Well-led: the question of governance

In a previous post I argued that the CQC’s ‘Well-led’ domain was important because there appears to be a strong correlation between those services that have a positive ‘Well-led’ rating and their overall rating.  In other words, get ‘Well-led’ right and (hopefully) the rest will follow.  However, I think it’s worth taking a closer look at what ‘Well-led’ actually covers in terms of service quality and safety.

A good place to start is to see how the CQC itself defines ‘Well-led’.  In their guidance to the KLOEs and ratings characteristics for Adult Social Care services the CQC states that:

By well-led, we mean that the leadership, management and governance of the organisation assures the delivery of high-quality and person-centred care, supports learning and innovation, and promotes an open and fair culture.

With reference to ‘Well-led’ characteristics for an ‘Outstanding’ service they go on to state that:

There are key characteristics that make leadership of the service exceptional and distinctive. The leadership, governance and culture are used to drive and improve high- quality, person-centred care.

For ease of access I have reproduced the detailed characteristics of ‘Well-led’ for an ‘Outstanding’ service here.  However, I think it is clear even from this brief quote that the CQC regards leadership, governance and culture as the key drivers for a quality service.

With regards to culture I have explored this topic in a number of posts on this site.  I have also recently posted a presentation on organisational culture.  With regards to leadership, in the context of CQC regulated services I would argue that this refers particularly to the ‘people’ aspect of service management, including team management, an understanding of team dynamics, and different styles of people management.  It also links closely to culture in that leaders, and particularly senior managers, have an important role to play in establishing a particular kind of culture, and in setting the ‘tone’ for the service.  They are also expected to provide a vision, mission and strategy for the service.

Which leaves governance, which is perhaps the trickiest to define of these three key aspects of ‘Well-led’.  However, one way to approach the question of governance is to look at Regulation 17 of the Health and Social Care Act 2008 (Regulated Activities) Regulations 2014.  Regulation 17 is one of a series of regulations that the CQC uses to provide the regulatory framework for its inspections, and focuses on good governance.  There are two particular paragraphs in the Regulation that managers and providers would do well to take note of.  Paragraph 1 states that:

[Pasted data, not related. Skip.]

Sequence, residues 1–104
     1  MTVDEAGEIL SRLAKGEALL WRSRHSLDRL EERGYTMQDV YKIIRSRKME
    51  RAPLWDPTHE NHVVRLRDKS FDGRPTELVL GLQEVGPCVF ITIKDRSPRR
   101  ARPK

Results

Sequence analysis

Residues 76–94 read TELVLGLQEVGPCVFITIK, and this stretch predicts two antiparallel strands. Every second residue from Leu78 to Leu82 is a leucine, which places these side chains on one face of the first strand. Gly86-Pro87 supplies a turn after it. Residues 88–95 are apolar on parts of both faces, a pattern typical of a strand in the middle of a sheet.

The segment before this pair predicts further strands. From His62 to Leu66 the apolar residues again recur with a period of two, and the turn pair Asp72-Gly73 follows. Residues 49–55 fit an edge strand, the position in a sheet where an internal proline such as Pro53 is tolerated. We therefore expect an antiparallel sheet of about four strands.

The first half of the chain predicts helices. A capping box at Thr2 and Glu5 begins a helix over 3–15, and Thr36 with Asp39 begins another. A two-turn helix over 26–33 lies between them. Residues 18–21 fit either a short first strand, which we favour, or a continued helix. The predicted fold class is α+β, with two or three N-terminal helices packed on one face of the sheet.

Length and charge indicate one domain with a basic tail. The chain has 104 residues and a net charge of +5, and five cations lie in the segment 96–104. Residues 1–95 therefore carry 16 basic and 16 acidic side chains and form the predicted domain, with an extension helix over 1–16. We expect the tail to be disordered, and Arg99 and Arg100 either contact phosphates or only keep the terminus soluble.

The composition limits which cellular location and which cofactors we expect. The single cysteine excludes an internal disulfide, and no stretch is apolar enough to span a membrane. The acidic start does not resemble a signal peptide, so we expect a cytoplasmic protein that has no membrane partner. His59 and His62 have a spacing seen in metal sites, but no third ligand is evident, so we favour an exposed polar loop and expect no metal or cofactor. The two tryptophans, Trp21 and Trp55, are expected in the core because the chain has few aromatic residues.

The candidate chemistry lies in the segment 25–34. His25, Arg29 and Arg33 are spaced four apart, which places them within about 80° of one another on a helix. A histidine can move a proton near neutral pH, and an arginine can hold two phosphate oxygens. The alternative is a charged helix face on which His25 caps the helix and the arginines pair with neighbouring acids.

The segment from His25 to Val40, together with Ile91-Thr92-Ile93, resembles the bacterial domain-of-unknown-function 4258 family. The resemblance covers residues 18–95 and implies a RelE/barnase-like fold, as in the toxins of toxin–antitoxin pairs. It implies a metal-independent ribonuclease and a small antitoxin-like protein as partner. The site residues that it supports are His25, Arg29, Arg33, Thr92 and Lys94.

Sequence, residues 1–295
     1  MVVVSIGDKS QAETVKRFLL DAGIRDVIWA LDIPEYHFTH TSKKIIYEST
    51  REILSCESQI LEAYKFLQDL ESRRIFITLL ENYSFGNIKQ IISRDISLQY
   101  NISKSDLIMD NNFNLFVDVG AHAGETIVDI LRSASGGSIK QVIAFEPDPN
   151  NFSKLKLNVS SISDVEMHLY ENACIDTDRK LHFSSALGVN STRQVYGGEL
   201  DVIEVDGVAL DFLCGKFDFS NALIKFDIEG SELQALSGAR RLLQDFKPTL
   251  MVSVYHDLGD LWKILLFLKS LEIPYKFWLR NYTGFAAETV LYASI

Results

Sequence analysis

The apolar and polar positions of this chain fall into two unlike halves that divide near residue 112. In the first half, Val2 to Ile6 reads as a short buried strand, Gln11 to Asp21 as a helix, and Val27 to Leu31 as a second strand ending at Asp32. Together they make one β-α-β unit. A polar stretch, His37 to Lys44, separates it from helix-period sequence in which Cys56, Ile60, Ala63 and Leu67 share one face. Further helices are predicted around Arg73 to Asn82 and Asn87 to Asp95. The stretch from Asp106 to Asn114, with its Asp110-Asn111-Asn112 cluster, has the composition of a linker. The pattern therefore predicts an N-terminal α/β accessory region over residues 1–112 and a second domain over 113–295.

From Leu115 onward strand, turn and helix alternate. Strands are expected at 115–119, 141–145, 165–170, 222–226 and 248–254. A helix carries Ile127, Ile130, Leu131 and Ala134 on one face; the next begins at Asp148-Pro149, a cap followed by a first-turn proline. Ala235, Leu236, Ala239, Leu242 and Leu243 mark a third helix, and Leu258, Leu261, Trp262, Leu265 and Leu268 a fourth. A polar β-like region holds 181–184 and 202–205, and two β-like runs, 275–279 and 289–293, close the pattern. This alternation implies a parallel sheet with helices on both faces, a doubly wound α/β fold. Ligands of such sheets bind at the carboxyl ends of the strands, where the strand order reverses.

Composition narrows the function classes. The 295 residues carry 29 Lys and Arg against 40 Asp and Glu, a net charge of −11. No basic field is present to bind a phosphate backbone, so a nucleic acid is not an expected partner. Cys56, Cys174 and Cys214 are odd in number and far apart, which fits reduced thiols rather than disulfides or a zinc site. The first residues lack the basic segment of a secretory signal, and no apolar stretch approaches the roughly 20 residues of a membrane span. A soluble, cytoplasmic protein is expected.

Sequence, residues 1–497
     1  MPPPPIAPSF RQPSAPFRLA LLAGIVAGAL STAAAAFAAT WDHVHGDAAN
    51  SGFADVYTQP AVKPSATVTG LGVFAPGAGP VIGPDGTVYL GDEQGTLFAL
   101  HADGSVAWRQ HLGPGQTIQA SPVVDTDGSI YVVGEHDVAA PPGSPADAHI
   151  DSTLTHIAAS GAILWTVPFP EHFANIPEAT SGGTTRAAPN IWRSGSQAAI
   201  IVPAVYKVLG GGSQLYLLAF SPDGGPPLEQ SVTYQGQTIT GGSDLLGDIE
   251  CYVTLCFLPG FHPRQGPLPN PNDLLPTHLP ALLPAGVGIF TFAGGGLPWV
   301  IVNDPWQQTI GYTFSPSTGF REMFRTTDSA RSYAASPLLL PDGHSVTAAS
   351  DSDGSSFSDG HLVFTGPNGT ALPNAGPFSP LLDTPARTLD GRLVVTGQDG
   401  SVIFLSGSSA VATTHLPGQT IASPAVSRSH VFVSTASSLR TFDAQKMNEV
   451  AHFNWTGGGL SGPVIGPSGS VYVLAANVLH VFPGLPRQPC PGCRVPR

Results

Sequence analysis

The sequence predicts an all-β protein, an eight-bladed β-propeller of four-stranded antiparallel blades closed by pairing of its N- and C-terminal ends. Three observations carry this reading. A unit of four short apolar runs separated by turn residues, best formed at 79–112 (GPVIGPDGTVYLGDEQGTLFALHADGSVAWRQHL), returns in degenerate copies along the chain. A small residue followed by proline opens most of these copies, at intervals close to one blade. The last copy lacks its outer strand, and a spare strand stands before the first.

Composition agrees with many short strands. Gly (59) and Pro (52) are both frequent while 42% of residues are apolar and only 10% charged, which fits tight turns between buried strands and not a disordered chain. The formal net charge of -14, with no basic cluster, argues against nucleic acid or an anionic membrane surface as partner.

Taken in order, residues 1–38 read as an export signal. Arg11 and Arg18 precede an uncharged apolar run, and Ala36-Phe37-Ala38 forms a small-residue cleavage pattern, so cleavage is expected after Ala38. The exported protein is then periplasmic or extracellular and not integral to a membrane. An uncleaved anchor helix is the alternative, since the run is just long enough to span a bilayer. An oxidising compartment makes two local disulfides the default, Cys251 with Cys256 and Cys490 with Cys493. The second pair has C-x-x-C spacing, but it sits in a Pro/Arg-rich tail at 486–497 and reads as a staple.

Systems or processes must be established and operated effectively to ensure compliance with the requirements in this Part.

The accompanying CQC guidance to this paragraph states that:

  • Providers must operate effective systems and processes to make sure they assess and monitor their service against Regulations 4 to 20A of Part 3 of the Health and Social Care Act 2008 (Regulated Activities) Regulations 2014 (as amended). The provider must have a process in place to make sure this happens at all times and in response to the changing needs of people who use the service.
  • The system must include scrutiny and overall responsibility at board level or equivalent.

Paragraph 2 (a) then goes on to state that that such systems and processes should enable to registered manager to:

…assess, monitor and improve the quality and safety of the services provided in the carrying on of the regulated activity (including the quality of the experience of service users in receiving those services)

The guidance for this paragraph is very long but the first section is key:

Providers must have systems and processes such as regular audits of the service provided and must assess, monitor and improve the quality and safety of the service. The audits should be baselined against Regulations 4 to 20A of the Health and Social Care Act 2008 (Regulated Activities) Regulations 2014 and should, where possible, include the experiences people who use the service. The systems and processes should be continually reviewed to make sure they remain fit for purpose.

It is also worth pointing out that paragraph 3 is important too, because it can be the basis for prosecution if providers fail to comply with it:

17(3) The registered person must send to the Commission, when requested to do so and by no later than 28 days beginning on the day after receipt of the request—-

17(3)(a) written report setting out how, and the extent to which, in the opinion of the registered person, the requirements of paragraph (2)(a) and (b) are being complied with, and

17(3)(b) any plans that the registered person has for improving the standard of the services provided to service users with a view to ensuring their health and welfare.

Going back to paragraph 2(a), this essentially means that providers must be able to demonstrate to the CQC that their services are compliant with Regulations 4 to 20A.  In other words, the systems and processes they use for monitoring their services need to have both the scope and sensitivity to capture all aspects of quality right across the service.  Or, to put it another way, simply having a few audits and surveys in place won’t do…